By RCA’s Benjamin Chow
Beijing and Shanghai prices, as measured by the RCA Hedonic Series price per unit, near doubled in the 10 years through 2017. The relative insulation of the Chinese cities from the Global Financial Crisis fallout, coupled with strong occupancy growth from domestic firms, led office prices to levels similar to those of Tokyo and San Francisco.
However, the longer-term office price growth trend for Beijing and Shanghai was interrupted with the U.S. and China exchanging tariffs in early 2018. Since 2018 Beijing has registered a pricing decline of 22% and in Shanghai prices have dropped 7%, even as prices in other global cities continued their upward trajectory.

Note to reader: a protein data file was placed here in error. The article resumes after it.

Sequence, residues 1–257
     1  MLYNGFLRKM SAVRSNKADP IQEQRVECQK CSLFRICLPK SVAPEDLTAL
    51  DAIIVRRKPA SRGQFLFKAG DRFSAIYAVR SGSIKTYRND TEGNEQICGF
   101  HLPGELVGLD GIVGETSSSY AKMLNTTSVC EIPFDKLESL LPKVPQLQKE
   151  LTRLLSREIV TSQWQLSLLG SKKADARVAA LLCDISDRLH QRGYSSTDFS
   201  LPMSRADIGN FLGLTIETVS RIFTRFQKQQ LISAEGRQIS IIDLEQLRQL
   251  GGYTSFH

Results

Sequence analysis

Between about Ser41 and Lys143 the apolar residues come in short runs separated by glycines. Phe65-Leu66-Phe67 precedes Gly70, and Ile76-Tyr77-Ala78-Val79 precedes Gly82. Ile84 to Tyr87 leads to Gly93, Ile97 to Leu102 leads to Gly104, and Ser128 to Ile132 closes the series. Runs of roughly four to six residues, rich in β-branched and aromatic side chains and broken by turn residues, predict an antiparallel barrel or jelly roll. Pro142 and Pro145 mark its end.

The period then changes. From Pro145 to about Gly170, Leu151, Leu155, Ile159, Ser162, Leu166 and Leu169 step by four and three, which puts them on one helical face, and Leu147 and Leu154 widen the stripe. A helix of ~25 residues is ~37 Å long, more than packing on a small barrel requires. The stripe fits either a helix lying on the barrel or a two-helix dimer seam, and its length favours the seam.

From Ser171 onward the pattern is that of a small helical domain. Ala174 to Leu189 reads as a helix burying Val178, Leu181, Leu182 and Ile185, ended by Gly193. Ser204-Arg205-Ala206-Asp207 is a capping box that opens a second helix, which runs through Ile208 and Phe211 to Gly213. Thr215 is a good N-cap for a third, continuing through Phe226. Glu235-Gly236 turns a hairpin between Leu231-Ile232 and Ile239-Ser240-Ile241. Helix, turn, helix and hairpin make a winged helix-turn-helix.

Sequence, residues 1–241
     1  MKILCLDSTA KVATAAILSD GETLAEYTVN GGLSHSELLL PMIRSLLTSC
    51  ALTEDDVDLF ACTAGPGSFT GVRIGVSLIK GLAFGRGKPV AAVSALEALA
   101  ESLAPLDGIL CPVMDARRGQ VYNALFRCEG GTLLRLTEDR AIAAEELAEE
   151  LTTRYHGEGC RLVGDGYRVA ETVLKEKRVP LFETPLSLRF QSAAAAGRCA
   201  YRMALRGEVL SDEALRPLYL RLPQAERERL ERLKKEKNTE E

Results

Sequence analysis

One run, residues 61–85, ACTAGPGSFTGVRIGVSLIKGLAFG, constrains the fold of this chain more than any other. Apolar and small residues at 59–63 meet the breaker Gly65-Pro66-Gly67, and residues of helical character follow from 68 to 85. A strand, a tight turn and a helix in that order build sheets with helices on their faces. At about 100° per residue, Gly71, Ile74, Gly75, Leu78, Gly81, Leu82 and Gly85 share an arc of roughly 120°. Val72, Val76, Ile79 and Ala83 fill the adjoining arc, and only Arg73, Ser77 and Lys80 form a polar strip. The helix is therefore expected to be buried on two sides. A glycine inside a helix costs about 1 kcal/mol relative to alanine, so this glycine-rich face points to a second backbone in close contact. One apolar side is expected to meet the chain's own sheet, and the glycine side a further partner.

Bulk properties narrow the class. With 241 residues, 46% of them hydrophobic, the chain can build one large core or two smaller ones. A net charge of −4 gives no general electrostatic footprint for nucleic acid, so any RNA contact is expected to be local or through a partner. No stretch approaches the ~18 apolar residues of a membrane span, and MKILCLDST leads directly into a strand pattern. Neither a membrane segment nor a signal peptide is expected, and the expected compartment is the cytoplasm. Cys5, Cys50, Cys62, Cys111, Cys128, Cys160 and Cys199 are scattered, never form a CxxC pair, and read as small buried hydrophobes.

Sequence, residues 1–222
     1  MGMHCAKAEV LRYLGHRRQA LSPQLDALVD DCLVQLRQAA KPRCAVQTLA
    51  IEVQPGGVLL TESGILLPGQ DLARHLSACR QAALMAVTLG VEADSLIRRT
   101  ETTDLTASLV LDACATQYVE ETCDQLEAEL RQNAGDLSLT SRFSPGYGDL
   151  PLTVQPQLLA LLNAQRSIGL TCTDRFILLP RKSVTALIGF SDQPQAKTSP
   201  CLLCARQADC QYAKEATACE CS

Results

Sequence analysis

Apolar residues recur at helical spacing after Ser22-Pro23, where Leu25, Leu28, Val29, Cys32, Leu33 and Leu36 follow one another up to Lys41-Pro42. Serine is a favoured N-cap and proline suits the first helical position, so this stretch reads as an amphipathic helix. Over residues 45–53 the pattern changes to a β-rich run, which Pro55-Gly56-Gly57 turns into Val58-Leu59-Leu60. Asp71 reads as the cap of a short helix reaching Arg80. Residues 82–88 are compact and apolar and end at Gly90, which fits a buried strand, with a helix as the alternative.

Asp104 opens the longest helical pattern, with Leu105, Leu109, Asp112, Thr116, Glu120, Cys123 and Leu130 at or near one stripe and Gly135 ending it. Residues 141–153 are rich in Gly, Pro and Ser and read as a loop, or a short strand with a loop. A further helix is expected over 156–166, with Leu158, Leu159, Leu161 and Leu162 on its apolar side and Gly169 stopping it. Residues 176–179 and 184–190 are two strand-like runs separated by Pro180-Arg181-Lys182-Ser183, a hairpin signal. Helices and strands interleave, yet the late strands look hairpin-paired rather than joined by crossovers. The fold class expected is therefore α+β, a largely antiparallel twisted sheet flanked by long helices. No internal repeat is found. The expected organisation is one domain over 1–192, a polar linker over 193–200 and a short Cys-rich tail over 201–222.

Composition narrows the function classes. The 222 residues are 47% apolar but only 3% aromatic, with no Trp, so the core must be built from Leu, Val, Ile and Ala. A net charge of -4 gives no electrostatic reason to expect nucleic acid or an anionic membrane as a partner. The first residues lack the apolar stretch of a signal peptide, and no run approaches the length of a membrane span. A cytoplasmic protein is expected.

Interestingly, Beijing has emerged as a much more volatile office market than Shanghai. Despite its role as the seat of government in China, Beijing is a less liquid and more tightly-held location, resulting in more extreme movements in volumes and pricing. Both markets, however, are now seen as core office investment locations and a key part of any regional or global portfolio.
The gradual softening in pricing since 2018 reflected the heightened possibility of a Chinese economic slump following a potential de-coupling of the world’s two largest economies. In hindsight, these declines seem almost prescient in view of the emergence of COVID-19, which has brought forward the downturn and Chinese real estate volumes are almost certain to take a sharp hit in the coming months.
Nonetheless, with China already appearing to have the spread of the virus under control, pricing trajectories in Beijing and Shanghai offer us a potential glimpse into the post-pandemic future of other global cities.